# Minimal Polynomial of null operator

I think that is a simple question, but there is some details confusing me. I need to calculate the minimal polynomial and the characteristic polynomial of the null operator in a $\mathbb{F}$-space. My problem is that I cannot assume $\dim(V)<\infty.$

The minimal polynomial is $m(t)=t$. Can I talk about characteristic polynomial in a vector space of infinite dimension? Cause the charactheristic polymial of the null operator in a space $V$ with $n=\dim(V)$ is $p(t)=t^{n}$.

• I think You have to assume $\dim(V)<\infty$ to define a characteristic polynomial in the sense of a determinant of a characteristic matrix (c.f. mathoverflow.net/questions/126464/…) However if for a linear operator $T:V\rightarrow V$ You want a (normed) polynomial $p$ of minimal (positive) degree so that $p(T)=0$, then clearly $p(t)=t$ is that polynomial for the zero operator $T\equiv 0$ – Peter Melech Sep 19 '18 at 11:46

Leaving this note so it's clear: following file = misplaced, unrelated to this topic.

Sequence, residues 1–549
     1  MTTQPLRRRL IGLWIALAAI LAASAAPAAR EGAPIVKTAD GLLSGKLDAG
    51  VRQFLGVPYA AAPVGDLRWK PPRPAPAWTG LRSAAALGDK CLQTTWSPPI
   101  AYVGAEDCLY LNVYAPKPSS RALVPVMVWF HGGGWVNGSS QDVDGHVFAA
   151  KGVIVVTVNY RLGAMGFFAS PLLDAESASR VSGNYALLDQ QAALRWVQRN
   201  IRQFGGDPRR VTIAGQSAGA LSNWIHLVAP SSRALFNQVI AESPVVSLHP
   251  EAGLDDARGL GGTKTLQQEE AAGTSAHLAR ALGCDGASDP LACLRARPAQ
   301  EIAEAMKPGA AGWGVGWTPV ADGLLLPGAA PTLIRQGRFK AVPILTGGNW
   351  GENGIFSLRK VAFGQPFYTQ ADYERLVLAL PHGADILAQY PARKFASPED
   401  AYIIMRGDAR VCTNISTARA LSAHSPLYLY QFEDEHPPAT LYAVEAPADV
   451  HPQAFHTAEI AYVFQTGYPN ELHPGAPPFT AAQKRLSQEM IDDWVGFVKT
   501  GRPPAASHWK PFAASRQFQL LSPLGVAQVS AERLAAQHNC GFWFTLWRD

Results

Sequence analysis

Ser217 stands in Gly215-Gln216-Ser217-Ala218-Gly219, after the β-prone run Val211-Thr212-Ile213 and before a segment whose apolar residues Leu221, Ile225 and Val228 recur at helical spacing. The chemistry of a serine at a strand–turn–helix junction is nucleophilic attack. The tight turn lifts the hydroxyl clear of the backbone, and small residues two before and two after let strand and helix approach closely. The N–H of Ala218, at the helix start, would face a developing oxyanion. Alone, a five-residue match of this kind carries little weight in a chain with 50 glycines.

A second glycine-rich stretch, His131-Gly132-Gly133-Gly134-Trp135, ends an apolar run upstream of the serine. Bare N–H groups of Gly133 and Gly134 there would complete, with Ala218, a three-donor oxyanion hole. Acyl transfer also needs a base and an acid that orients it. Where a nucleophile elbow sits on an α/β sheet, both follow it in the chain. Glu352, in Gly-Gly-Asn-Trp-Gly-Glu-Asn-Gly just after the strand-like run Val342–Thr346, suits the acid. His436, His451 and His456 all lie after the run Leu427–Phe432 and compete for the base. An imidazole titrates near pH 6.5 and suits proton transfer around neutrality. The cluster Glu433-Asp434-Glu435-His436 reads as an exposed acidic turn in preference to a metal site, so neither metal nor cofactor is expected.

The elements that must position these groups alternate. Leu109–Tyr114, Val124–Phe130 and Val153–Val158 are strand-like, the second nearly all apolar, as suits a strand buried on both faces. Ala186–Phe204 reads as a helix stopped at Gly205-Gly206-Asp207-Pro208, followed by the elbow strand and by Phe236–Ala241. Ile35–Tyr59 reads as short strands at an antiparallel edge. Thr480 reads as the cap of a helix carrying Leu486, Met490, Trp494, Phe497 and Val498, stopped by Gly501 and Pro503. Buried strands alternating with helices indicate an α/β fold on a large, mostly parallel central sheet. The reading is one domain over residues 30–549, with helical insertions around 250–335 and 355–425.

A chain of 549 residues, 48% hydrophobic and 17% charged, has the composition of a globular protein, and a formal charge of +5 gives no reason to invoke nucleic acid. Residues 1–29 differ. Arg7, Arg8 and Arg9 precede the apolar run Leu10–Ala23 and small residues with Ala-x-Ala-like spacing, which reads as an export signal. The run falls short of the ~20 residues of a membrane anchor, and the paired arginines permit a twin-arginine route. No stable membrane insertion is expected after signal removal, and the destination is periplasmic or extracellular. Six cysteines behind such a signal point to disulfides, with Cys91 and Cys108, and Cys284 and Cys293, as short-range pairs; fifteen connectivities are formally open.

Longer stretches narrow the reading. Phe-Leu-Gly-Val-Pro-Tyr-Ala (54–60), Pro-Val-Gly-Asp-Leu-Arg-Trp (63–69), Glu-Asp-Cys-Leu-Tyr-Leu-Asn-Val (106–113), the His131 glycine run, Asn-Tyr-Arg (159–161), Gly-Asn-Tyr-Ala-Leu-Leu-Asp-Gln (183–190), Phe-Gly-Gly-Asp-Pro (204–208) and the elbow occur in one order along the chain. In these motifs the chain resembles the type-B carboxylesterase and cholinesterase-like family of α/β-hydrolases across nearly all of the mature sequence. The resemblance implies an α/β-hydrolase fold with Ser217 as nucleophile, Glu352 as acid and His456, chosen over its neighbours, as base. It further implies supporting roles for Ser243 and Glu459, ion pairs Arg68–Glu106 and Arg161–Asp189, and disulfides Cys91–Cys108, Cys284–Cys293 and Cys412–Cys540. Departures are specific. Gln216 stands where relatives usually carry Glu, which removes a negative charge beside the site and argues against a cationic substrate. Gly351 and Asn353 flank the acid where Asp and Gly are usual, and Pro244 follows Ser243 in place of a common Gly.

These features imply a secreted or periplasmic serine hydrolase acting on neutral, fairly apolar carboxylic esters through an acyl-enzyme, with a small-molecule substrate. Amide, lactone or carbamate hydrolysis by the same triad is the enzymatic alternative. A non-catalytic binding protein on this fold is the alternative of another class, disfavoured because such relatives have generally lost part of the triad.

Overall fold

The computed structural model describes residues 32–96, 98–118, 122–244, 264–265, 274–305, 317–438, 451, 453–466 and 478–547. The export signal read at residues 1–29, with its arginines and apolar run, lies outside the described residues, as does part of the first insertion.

As for the minimal polynomial, it does not have to exist when the dimension is infinite (what would be the minimal polynomial of multiplication by $X$ in the space of polynomials?), but it does exist for the zero operator. By definition, $X$ always annihilates a zero operator, and its unique monic strict divisor $1$ does not, unless the space has dimension $0$. So the minimal polynomial of the zero operator on$~V$ is $1$ if $\dim(V)=0$, and $X$ otherwise.